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Lawyers clash over who can join suit challenging abortion ban

An attorney representing two legislators and Right to Life of Wyoming claims the attorney general doesn’t fully represent her clients.

Angus M. Thuermer Jr., WyoFile

JACKSON — Two legislators and an anti-abortion group can’t immediately intervene in a suit that asserts a Wyoming abortion ban violates the state constitution, a district judge decided Monday.

After hearing oral arguments, Ninth District Judge Melissa Owens said she needs more time to determine whether the Republican lawmakers and a nonprofit can fully participate in a suit that has so far blocked the state from enacting the abortion ban law.

Owens heard about 40 minutes of arguments from Peter Modlin, who represented four women and two groups who challenged the Wyoming abortion-ban law, and Denise Harle, representing the legislators and Right to Life of Wyoming.

“This is an extremely difficult decision for this court,” Owens said. “I want to take my time in deciding this.”

She could issue a decision in a week or two, she said.

The challengers to the abortion ban, including Danielle Johnson, Kathleen Dow, Dr. Giovannina Anthony and Dr. Rene Hinkle, sued the state saying the 2022 abortion ban law violated Wyoming’s constitutional guarantee that individuals can make their own health care decisions. The legislators and Right to Life of Wyoming say they should be allowed to argue aspects of the issue that the Wyoming attorney general’s office is not addressing.

“They will be free to continue legislating and advocating.”


The legislators — Reps. Rachel Rodriguez-Williams (R-Cody) and Chip Neiman (R-Hulett) — were sponsor and co-sponsor of the abortion ban bill respectively.

Rodriguez-Williams is CEO and executive director of the Serenity Pregnancy Resource Center, according to LinkedIn and briefs filed in the case. As a lawmaker, Neiman had the authority to regulate health and safety as part of his office, filings state.

Right to Life Wyoming should be allowed into the lawsuit because it was the chief lobbyist for the abortion ban law, which “rises or falls with this case,” Harle said. Should courts find the law unconstitutional, all the group’s work would be futile, she said.

“Their interests may not be adequately represented” by the attorney general’s office, Harle said of her clients. No one wants this case to go up to the Wyoming Supreme Court, a perceived inevitability, “on a one-sided record.”

Concern, not an interest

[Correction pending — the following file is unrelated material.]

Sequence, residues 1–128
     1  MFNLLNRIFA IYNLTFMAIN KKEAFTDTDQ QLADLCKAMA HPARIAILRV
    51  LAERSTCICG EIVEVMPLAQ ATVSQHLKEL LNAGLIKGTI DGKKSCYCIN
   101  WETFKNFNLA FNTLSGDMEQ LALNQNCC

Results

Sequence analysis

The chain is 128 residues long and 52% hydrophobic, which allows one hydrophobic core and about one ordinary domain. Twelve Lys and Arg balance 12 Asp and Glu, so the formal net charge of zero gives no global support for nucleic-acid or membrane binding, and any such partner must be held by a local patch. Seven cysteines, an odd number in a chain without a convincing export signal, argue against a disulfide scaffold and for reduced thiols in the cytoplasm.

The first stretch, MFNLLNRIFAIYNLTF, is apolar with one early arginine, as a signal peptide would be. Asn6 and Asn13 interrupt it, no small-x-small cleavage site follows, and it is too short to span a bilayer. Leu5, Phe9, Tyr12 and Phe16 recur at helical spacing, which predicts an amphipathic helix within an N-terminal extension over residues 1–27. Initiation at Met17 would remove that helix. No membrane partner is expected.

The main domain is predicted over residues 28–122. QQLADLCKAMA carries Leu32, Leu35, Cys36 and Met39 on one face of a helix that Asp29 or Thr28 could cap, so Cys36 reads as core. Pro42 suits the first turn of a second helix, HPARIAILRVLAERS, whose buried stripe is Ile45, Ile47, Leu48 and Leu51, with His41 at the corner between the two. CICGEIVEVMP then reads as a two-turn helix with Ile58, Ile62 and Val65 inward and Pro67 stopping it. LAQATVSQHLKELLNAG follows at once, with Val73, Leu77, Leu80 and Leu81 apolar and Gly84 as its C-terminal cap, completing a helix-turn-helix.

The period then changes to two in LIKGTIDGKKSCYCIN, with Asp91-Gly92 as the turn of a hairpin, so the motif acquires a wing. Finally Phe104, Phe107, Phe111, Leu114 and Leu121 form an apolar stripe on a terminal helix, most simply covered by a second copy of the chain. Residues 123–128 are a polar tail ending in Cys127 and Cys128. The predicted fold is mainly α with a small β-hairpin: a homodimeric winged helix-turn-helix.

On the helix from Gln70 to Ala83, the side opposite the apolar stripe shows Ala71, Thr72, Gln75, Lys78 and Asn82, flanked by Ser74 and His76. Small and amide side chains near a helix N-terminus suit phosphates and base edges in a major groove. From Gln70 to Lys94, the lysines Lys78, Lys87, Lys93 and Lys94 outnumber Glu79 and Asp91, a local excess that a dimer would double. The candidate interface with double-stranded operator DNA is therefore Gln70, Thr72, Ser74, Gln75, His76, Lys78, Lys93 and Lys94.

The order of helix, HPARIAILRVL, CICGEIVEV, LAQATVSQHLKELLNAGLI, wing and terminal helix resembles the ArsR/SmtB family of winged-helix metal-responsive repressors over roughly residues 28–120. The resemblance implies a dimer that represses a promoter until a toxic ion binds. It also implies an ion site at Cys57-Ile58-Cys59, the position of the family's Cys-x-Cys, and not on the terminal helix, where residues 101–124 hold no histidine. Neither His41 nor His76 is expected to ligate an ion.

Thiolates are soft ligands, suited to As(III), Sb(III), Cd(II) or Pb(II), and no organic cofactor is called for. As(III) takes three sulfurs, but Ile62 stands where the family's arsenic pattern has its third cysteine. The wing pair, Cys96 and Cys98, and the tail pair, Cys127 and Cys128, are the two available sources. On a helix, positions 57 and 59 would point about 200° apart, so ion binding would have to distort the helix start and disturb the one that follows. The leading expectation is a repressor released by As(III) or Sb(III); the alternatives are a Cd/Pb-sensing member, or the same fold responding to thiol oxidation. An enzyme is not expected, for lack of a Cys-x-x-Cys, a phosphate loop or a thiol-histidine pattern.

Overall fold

But none of the proposed intervenors established a valid reason for the privileged legal status, said Modlin, one of the attorneys challenging the abortion ban law.

The proposed intervenors had a concern, he said, rather than an interest that would be affected by the case’s outcome. Lawmakers can still pass laws, regardless of the outcome of the lawsuit, he said. Right to Life of Wyoming, “their interest comes down to advocacy,” he said.

“They will be free to continue legislating and advocating,” Modlin said; the case will not impair that.

Further, the proposed intervenors have the same objective as the state, Modlin argued, and so should not be allowed to participate directly.

Ninth Judicial District Judge Melissa Owens greets the courtroom Nov. 21, 2022 at the beginning of a hearing on whether an anti-abortion nonprofit and two state lawmakers can intervene in Wyoming’s abortion legal battle. (Kathryn Ziesig/Jackson Hole News&Guide/pool)

“What it really boils down to is because the attorney general did not introduce evidence at the preliminary injunction case, [state attorneys] cannot be trusted to represent proposed intervenors interest,” Modlin said. Disputes over litigation status are not enough to rebut the presumption that the state and the proposed intervenors have the same objective, he said.

Right to Life of Wyoming and the lawmakers sought to argue points the plaintiffs themselves raised, such as whether a decision to have an abortion is a health care decision protected by the Wyoming Constitution. Harle’s clients believe the rights to make health care decisions “do not, and never were understood, to create or protect a right to elective abortion in Wyoming,” a brief states.

Harle asked that if Owens decides the intervenors shouldn’t be allowed to participate as a matter of law, the judge should let them into the case on a permissive basis. In contrast, Modlin said the proposed intervenors can participate by filing amicus briefs. Those are legal papers that aim to help the court decide an issue but are filed by parties who cannot make direct arguments in the courtroom.